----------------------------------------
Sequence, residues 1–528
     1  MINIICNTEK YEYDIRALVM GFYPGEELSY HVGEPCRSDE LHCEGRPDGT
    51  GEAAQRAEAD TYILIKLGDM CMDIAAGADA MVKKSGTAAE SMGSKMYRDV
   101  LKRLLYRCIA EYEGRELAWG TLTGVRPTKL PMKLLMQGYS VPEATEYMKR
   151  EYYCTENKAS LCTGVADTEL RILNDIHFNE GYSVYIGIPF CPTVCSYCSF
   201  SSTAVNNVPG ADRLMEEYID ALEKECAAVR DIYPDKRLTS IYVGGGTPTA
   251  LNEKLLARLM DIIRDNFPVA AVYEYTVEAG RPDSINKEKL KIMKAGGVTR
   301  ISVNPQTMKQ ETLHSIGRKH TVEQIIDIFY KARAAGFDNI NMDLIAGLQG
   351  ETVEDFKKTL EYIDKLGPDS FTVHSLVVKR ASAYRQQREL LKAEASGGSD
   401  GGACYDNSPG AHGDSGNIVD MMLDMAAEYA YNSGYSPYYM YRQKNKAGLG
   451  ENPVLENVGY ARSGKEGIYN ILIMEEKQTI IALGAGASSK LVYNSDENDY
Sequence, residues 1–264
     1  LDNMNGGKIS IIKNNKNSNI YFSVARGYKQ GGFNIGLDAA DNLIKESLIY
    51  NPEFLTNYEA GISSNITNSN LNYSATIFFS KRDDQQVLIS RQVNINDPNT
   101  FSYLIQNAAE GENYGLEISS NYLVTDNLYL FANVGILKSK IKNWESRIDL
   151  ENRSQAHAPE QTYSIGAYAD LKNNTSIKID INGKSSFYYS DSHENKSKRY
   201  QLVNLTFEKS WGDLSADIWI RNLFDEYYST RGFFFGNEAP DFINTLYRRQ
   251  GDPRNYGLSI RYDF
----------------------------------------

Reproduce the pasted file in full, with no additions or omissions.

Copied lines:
Sequence, residues 1–528
     1  MINIICNTEK YEYDIRALVM GFYPGEELSY HVGEPCRSDE LHCEGRPDGT
    51  GEAAQRAEAD TYILIKLGDM CMDIAAGADA MVKKSGTAAE SMGSKMYRDV
   101  LKRLLYRCIA EYEGRELAWG TLTGVRPTKL PMKLLMQGYS VPEATEYMKR
   151  EYYCTENKAS LCTGVADTEL RILNDIHFNE GYSVYIGIPF CPTVCSYCSF
   201  SSTAVNNVPG ADRLMEEYID ALEKECAAVR DIYPDKRLTS IYVGGGTPTA
   251  LNEKLLARLM DIIRDNFPVA AVYEYTVEAG RPDSINKEKL KIMKAGGVTR
   301  ISVNPQTMKQ ETLHSIGRKH TVEQIIDIFY KARAAGFDNI NMDLIAGLQG
   351  ETVEDFKKTL EYIDKLGPDS FTVHSLVVKR ASAYRQQREL LKAEASGGSD
   401  GGACYDNSPG AHGDSGNIVD MMLDMAAEYA YNSGYSPYYM YRQKNKAGLG
   451  ENPVLENVGY ARSGKEGIYN ILIMEEKQTI IALGAGASSK LVYNSDENDY
Sequence, residues 1–264
     1  LDNMNGGKIS IIKNNKNSNI YFSVARGYKQ GGFNIGLDAA DNLIKESLIY
    51  NPEFLTNYEA GISSNITNSN LNYSATIFFS KRDDQQVLIS RQVNINDPNT
   101  FSYLIQNAAE GENYGLEISS NYLVTDNLYL FANVGILKSK IKNWESRIDL
   151  ENRSQAHAPE QTYSIGAYAD LKNNTSIKID INGKSSFYYS DSHENKSKRY
   201  QLVNLTFEKS WGDLSADIWI RNLFDEYYST RGFFFGNEAP DFINTLYRRQ
   251  GDPRNYGLSI RYDF